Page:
In my first month I attended 3 utterly amazing festivals. In all three cases I felt that had I been on holiday or even backpacking around Japan would not have rewarded me with the same depth of cultural immersion. The first was Zao Rock, a rock festival near Zao Onsen, a famous hot spring and ski resort in Yamagata, a 3 hour drive from Honjo. I spent the weekend camping and being the king of the Japanese moshpit, at one point I was walking round with a random Japanese man on my shoulders. And they had kebabs! Derishus.
Secondly me and the Honjo MASSIVE ventured east to take in the national fireworks competition at omagari. 750,000 people had come from all over Japan to watch stuff explode. And explode it did. In fact I got so wrapped up in the whole event that I purchased a strange round firework for £40, and a smaller one for £10, and then a bag of them for £15. I love explosions me. Kaboom.
Exhibit 3 is a trip to Kakunodate, a historic samurai town just over an hour from Honjo. This is where I really began to appreciate just how lucky I was to be on the JET programme. I pitched up at about 5pm, and my friend (the local ALT) Maggie gave me a Hanten, a jacket uniform that each member of each different neighbourhood in Kakunodate wore.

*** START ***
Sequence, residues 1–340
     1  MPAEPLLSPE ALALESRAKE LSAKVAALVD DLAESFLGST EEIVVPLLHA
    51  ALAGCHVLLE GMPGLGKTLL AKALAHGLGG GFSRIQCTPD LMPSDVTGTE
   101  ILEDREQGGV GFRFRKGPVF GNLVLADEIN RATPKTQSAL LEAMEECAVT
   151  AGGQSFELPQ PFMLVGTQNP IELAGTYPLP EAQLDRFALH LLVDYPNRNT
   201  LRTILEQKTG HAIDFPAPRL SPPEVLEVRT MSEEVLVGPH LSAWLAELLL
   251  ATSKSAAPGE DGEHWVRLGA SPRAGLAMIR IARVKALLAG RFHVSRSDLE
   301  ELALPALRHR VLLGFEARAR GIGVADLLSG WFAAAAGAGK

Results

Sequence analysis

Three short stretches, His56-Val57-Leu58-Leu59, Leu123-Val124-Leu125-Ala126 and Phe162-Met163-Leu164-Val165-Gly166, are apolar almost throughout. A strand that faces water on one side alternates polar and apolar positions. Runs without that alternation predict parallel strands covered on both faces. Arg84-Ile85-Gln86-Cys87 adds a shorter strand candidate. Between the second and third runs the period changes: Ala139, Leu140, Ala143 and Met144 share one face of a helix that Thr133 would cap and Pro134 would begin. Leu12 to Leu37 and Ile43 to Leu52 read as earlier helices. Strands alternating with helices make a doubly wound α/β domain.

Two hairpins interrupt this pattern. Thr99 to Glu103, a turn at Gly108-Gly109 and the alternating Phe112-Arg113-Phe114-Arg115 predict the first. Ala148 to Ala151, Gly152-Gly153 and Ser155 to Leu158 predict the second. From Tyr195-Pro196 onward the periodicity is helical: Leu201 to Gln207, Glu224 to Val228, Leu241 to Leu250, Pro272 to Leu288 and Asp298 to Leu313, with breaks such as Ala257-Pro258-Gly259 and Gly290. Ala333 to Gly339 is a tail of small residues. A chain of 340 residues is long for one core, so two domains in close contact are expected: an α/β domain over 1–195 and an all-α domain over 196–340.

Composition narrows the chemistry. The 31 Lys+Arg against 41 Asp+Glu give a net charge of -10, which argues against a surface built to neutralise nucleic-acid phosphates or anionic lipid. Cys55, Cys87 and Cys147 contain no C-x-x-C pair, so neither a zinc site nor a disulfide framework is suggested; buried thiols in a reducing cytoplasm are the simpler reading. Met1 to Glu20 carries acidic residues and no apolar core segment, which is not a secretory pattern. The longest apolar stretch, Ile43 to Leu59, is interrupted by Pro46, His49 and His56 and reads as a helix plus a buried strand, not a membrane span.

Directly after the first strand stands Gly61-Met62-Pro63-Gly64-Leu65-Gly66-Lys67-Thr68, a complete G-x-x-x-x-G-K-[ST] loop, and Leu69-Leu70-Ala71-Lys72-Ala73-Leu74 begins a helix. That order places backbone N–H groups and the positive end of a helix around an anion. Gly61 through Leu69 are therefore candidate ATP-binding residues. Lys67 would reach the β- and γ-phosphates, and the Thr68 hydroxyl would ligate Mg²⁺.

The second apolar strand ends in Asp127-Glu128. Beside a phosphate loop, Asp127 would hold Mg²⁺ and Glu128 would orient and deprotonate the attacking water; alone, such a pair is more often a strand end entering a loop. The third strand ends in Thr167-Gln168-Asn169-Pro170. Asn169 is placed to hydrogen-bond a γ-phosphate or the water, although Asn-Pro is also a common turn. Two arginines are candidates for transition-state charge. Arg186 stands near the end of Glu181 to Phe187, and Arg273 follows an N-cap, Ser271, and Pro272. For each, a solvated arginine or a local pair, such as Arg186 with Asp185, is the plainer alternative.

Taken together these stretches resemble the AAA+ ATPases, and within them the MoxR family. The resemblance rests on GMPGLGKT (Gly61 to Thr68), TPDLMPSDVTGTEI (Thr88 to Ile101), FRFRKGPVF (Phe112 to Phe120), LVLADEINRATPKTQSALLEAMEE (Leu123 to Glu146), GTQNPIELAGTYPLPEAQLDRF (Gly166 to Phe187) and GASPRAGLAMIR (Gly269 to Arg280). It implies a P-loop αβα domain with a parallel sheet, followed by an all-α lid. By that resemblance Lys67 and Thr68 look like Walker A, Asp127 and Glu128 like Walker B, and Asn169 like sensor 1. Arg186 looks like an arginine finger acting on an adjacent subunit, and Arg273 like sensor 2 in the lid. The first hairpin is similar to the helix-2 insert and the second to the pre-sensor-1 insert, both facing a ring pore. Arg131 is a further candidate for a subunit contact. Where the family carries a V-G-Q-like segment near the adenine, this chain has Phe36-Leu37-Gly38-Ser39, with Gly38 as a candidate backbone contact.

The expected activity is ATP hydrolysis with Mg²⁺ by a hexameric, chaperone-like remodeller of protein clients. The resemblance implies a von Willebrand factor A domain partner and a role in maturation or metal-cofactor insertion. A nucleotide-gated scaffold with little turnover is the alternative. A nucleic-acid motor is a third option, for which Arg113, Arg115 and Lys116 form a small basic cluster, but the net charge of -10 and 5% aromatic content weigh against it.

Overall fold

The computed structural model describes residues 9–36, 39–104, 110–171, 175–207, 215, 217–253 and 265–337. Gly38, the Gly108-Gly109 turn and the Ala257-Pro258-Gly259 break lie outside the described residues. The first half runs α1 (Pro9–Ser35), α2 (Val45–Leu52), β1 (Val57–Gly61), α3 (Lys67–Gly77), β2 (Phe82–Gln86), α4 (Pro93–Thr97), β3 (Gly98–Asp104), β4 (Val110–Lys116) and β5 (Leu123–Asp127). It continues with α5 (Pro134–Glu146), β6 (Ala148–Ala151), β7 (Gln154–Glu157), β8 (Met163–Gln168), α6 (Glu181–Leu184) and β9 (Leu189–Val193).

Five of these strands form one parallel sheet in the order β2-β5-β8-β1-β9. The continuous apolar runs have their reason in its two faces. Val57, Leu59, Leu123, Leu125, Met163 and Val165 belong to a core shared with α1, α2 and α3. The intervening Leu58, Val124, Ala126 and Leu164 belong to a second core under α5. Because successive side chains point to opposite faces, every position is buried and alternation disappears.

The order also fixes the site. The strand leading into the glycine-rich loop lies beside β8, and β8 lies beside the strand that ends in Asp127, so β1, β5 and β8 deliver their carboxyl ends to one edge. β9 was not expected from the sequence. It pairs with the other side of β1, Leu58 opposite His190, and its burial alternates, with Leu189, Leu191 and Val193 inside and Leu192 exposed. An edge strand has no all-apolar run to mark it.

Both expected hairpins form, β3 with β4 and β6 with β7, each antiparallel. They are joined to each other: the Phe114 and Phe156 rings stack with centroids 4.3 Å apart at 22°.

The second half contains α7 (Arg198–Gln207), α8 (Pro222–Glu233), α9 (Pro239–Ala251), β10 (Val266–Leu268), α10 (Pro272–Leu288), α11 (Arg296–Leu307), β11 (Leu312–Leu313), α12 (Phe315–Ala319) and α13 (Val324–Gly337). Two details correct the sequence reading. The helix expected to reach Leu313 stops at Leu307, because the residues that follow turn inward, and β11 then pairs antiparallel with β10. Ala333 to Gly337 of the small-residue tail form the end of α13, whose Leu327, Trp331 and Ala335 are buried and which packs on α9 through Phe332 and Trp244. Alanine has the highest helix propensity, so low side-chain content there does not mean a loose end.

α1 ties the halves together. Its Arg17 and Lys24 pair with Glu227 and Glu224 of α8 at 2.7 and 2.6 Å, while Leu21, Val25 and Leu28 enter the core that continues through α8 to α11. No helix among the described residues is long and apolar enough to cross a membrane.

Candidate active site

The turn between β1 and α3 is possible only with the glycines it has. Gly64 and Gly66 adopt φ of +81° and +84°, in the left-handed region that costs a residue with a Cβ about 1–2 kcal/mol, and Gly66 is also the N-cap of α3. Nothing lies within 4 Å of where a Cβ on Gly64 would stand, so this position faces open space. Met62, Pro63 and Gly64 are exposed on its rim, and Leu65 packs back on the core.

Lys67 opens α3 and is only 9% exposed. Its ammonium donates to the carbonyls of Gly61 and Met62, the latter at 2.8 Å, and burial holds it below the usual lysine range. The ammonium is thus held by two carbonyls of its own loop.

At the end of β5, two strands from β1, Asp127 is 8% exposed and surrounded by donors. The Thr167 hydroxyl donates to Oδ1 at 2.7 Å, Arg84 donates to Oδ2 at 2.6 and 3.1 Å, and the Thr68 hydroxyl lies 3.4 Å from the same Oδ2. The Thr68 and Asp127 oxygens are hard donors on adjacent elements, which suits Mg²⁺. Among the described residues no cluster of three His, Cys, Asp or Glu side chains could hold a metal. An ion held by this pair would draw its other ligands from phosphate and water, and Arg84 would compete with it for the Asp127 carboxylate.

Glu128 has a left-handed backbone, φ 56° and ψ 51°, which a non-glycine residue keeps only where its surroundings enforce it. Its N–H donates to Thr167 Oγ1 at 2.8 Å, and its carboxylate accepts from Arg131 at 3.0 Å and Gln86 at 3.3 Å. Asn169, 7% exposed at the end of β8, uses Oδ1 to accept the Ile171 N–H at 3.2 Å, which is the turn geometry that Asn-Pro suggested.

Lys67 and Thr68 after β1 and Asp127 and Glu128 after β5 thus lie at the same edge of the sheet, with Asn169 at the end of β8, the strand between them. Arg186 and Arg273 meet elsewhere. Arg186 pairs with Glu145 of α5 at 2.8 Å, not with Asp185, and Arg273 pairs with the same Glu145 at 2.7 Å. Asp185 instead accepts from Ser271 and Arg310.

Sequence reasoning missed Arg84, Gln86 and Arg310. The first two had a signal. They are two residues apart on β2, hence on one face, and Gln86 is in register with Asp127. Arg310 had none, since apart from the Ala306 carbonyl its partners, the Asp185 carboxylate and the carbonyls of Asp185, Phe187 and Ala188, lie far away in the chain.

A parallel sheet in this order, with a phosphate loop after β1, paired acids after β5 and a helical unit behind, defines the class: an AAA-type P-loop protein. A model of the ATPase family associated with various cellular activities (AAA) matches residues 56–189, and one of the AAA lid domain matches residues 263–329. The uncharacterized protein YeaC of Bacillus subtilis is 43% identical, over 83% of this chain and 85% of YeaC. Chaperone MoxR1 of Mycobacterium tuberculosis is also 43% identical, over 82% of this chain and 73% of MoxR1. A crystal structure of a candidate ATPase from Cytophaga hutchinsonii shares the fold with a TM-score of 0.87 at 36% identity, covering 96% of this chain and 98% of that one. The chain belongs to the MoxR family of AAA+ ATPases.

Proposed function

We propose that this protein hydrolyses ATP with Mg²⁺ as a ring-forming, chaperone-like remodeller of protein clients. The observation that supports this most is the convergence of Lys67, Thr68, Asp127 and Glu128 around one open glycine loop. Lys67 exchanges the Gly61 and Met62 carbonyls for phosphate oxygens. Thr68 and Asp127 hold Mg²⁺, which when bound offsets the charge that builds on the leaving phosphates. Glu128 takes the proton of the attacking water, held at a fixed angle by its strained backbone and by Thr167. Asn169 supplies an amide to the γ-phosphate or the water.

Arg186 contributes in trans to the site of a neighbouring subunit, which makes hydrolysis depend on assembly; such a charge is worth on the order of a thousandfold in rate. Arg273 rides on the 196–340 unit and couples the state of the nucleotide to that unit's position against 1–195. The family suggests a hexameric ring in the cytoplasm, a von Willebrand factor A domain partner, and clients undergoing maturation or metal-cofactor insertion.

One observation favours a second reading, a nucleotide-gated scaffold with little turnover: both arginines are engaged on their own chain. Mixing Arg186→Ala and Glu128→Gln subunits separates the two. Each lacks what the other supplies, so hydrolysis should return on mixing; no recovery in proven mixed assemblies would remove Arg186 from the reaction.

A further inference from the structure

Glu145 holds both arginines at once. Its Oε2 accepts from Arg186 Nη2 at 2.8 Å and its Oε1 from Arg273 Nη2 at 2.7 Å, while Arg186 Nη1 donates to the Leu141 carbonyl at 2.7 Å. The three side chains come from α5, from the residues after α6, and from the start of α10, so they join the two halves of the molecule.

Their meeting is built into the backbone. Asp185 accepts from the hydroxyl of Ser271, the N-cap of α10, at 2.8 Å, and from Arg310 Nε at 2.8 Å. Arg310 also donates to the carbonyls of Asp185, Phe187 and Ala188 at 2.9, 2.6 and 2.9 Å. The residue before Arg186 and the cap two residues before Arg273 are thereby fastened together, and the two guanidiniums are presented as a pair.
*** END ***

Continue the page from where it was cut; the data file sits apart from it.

Each neighbourhood was towing a wooden float around the streets of the town, using ropes and pulling in unison to move what must have weighed several tons. As I arrived in the jacket of this neighbourhood a man wearing the same came up to me and said ‘HELLO! I am Jari! Have beer!’ whereupon a beer was thrown to me out of the cooler being pushed behind the float.
I was invited to help pull the float round town, and set about doing exactly that. I had drinking contests with the other lads pulling the floats, I nearly got crushed when one of the floats crashed into ours, everyone kept plying me with free beer, chicken and sake, and eventually we parked the float at 4am and stayed up drinking beer with locals until 5. I’ve never been made to feel so welcome as an outsider participating in a native tradition. I love this country.